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# How well does consumption theory explain recent savings trends?

There are two types of consumption theory. One predicts the consumption out of income. It was first popularised by Keynes and later on extended by Modigliani and Friedman. It is what is now known as permanent lifetime hypotheses. It has been able to predict the longer-term consumption, however, it cannot pick up the year by year variance in consumption. Furthermore, it could not predict the fall of the savings ratio in 80-s.

The second theory, so called Euler’s equation, has risen out of the work of Hall. The original paper argued that there is no way one can predict consumption (the series is non-stationary, or follows a random walk), but extensions to that theory do allow for predictions. The theory usually assumes rational expectation and thus says that current consumption depends on all available past information. This theory is very good in picking up year to year variations in consumption. However, it is harder to make any long-term predictions based on that.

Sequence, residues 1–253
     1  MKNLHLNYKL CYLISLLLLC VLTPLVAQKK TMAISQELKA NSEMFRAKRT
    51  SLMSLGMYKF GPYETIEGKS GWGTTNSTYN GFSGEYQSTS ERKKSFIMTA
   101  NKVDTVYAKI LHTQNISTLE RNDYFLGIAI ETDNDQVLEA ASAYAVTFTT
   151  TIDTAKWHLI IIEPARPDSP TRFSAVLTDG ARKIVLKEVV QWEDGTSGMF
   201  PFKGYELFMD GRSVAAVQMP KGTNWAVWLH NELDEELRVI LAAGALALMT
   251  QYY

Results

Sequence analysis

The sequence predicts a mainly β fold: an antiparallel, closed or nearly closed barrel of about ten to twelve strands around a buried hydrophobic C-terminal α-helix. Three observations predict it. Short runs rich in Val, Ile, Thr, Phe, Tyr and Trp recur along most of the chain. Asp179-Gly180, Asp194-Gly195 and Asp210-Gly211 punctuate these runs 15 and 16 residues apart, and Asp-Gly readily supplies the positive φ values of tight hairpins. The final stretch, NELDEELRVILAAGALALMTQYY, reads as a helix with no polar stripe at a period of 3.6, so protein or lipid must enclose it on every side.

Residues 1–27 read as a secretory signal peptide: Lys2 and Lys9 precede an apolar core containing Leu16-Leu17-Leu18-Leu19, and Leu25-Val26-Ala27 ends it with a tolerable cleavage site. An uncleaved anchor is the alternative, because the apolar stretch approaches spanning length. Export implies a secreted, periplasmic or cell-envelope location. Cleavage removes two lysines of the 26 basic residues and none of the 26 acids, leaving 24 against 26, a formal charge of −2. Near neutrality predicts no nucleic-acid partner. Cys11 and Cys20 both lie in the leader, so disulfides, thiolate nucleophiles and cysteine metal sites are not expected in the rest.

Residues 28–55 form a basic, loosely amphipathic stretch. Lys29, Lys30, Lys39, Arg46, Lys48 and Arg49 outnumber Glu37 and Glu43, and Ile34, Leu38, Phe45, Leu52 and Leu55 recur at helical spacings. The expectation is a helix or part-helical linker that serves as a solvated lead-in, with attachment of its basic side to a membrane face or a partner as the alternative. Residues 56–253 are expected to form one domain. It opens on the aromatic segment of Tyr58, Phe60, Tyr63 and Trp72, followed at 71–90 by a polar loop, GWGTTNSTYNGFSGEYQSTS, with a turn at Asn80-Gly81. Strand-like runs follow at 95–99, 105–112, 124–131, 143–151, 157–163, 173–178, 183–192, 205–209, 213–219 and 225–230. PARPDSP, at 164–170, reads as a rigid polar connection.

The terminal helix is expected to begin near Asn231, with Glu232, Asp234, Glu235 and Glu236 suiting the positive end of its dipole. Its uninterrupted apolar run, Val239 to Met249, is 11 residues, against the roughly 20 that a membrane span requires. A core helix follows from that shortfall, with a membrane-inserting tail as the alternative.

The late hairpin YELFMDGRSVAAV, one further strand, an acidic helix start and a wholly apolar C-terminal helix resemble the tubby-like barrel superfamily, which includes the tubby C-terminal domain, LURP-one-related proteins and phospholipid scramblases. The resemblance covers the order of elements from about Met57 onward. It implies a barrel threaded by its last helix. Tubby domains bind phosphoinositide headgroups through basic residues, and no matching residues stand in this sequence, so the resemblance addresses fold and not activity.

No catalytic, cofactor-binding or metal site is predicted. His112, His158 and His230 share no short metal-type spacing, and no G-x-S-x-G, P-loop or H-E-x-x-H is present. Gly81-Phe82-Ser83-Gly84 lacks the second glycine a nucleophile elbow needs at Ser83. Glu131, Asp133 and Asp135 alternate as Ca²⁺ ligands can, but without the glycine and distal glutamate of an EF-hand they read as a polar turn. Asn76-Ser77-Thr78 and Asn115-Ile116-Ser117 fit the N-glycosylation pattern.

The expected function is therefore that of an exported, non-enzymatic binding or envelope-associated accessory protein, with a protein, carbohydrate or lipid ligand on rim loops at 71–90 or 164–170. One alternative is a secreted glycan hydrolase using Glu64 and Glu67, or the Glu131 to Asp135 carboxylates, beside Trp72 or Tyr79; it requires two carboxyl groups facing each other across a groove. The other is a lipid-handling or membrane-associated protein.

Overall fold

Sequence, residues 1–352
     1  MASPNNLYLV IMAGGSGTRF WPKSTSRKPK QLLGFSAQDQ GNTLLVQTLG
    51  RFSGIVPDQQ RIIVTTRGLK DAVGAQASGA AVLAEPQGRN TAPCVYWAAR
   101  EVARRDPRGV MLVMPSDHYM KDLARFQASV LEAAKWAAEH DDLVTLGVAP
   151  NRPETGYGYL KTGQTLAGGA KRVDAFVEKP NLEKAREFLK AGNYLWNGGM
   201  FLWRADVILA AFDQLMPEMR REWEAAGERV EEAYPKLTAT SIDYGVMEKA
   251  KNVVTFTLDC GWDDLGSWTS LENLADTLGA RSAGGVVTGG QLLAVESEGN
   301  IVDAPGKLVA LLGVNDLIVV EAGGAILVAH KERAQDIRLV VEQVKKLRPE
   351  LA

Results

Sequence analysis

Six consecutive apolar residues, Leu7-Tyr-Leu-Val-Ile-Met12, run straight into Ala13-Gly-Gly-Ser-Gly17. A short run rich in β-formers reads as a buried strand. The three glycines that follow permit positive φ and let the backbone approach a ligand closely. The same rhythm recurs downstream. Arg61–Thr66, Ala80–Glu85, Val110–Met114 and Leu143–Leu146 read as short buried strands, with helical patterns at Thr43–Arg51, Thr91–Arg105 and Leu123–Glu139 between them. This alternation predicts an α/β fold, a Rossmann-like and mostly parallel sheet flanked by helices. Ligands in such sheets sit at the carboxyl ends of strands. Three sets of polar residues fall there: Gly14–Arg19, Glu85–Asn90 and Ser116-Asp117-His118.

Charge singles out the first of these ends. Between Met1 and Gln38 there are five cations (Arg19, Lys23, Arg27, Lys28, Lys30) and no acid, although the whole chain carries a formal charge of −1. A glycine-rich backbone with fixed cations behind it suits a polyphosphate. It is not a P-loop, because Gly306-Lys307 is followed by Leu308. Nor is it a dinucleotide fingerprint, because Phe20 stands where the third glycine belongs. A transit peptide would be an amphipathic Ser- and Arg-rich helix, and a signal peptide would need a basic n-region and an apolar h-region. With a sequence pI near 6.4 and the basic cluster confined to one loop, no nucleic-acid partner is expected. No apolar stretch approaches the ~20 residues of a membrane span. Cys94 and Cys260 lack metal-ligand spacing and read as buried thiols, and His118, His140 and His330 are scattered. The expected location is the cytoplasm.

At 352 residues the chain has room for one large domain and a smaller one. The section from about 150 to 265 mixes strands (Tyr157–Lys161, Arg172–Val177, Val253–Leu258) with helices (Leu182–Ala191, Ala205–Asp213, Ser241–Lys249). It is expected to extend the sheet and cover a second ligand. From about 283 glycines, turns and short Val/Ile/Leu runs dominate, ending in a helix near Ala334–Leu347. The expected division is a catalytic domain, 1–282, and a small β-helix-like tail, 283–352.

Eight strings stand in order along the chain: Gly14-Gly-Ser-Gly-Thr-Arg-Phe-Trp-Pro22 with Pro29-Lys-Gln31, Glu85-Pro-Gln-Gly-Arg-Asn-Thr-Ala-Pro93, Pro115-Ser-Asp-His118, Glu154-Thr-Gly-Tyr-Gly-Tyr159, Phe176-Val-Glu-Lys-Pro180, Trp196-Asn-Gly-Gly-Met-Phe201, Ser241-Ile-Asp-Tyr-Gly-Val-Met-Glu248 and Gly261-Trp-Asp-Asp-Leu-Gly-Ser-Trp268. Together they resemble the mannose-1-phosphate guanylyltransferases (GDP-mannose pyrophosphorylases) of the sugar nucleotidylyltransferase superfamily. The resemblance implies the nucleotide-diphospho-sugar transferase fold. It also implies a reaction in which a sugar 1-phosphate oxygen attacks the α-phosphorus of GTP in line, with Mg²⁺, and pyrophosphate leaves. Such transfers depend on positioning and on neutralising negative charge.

Usually the two theories are taken together. Writers then show how certain modifications (inflation, increased income variability etc.) change these two models. However, in this essay I will try to talk about the two theories separately. It will cause some overlapping, but I think it is a lot clearer.

The Keynesian model takes consumption as a fixed proportion of current income. C=a+bY. One can extend that to say that the function is exponential instead(C=aYb), and use the logarithmic form instead. It is quite a good first approximation, when the economy is stable. However, the relationship broke down during the 1970-s.